EDWARDS, Calif. (NASA PR) — On Sunday, July 11, Virgin Galactic conducted its first fully crewed spaceflight and the crew had NASA-supported technology with them. 

Sirisha Bandla, vice president of government affairs and research operations at Virgin Galactic, operated the experiment on the “Unity 22” flight on behalf of co-investigators Dr. Robert Ferl and Dr. Anna-Lisa Paul from the University of Florida in Gainesville. Bandla activated three plant-filled tubes to release a preservative at critical data-collection stages during the flight: at 1 before the rocket boost, just before entering microgravity, and after the conclusion of microgravity.

While the university researchers have flown similar experiments  supported by NASA’s Flight Opportunities program on suborbital flights, data collected during the Unity 22 flight will provide a first look at human-tended payloads on SpaceShipTwo.

Virgin Galactic Successfully Completes First Fully Crewed Spaceflight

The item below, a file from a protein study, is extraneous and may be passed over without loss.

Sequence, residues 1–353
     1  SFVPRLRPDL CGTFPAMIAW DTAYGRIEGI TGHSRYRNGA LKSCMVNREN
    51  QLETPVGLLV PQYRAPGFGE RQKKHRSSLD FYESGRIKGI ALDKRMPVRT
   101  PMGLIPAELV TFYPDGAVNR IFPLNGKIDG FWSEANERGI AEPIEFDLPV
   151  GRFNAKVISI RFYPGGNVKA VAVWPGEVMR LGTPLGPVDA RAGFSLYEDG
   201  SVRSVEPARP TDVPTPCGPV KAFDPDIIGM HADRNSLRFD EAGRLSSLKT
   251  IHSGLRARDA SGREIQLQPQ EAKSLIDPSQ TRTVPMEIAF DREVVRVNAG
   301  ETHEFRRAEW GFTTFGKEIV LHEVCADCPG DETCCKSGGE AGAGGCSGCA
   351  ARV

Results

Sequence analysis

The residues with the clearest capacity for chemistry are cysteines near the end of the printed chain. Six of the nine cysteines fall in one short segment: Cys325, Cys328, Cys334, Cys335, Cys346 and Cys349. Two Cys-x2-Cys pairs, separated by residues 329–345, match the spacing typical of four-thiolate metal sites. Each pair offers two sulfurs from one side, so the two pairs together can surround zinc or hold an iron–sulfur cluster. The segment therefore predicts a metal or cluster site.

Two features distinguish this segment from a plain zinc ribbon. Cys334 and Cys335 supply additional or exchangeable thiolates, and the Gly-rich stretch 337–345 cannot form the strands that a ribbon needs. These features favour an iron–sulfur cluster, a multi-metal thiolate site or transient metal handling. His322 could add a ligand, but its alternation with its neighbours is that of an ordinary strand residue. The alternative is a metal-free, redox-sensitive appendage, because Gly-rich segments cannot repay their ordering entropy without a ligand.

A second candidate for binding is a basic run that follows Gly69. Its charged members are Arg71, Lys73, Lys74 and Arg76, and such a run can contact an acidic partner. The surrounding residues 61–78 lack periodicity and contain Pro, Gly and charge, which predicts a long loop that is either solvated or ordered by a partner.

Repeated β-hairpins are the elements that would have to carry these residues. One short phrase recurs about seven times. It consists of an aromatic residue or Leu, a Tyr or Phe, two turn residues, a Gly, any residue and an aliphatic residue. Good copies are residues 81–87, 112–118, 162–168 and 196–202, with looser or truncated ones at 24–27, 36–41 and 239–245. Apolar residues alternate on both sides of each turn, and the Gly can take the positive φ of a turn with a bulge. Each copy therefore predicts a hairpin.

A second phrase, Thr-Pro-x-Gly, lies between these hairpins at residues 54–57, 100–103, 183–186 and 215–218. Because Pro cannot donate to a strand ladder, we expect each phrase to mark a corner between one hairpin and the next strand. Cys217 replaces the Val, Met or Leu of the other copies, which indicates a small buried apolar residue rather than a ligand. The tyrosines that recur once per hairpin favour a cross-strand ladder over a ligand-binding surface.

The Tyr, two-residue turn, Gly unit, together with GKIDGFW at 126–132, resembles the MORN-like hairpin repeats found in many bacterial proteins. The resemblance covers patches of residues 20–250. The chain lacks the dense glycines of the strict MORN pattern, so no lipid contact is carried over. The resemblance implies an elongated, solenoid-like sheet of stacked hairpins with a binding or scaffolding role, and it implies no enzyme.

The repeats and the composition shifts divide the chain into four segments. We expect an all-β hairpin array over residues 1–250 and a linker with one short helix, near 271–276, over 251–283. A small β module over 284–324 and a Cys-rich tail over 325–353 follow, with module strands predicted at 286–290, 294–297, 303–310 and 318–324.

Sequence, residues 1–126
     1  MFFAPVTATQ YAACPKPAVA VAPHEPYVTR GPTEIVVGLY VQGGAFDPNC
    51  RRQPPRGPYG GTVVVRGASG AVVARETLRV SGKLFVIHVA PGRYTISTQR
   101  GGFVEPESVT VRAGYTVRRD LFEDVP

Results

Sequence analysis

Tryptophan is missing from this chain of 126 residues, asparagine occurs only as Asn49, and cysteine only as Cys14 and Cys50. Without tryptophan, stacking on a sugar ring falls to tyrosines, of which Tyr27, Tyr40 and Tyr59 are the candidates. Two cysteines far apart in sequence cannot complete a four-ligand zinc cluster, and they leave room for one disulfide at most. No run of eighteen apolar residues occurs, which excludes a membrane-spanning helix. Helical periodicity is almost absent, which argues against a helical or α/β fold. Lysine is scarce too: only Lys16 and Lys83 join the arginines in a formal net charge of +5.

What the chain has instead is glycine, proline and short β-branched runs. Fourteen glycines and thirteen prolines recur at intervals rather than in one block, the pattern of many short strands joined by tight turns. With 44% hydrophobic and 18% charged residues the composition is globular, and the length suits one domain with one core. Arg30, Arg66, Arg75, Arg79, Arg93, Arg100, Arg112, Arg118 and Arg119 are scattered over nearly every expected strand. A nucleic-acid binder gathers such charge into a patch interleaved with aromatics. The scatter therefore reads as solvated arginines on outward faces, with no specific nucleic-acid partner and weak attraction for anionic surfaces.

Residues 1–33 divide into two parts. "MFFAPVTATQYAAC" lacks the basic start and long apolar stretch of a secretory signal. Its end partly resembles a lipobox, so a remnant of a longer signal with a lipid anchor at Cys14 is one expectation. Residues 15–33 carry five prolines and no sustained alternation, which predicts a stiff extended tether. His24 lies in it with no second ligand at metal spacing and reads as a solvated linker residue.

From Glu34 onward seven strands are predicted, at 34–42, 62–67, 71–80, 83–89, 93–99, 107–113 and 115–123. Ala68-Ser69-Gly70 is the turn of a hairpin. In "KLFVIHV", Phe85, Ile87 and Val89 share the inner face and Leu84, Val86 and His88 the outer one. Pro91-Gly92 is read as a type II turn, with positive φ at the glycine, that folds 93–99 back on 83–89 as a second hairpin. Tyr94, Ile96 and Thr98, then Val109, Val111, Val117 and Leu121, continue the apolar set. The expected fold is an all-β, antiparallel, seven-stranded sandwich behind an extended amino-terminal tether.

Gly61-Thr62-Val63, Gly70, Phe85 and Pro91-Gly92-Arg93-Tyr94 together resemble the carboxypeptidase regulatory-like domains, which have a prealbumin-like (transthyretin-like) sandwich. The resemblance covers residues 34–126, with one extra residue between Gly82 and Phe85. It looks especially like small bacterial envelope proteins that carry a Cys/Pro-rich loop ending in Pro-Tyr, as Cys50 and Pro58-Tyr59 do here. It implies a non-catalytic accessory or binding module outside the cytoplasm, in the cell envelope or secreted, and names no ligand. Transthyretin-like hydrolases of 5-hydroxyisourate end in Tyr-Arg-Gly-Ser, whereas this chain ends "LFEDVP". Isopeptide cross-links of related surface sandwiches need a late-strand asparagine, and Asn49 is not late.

Richard Branson and other passengers float around in weightlessness. (Credit: Virgin Galactic)
  • Fourth Spaceflight Tests Private Astronaut and Research Experience
  • First In-Flight Livestream Brings Spaceflight Experience to Audiences Around the World 

LAS CRUCES, N.M. July 11, 2021 (Virgin Galactic PR) – Virgin Galactic Holdings, Inc. (NYSE: SPCE) (“the Company” or “Virgin Galactic”) today announced that VSS Unity successfully reached space, completing the Company’s fourth rocket-powered spaceflight. 

Today’s flight was the 22nd test flight of VSS Unity and the first test flight with a full crew in the cabin, including the Company’s founder, Sir Richard Branson. The crew fulfilled a number of test objectives related to the cabin and customer experience, including evaluating the commercial customer cabin, the views of Earth from space, the conditions for conducting research and the effectiveness of the five-day pre-flight training program at Spaceport America.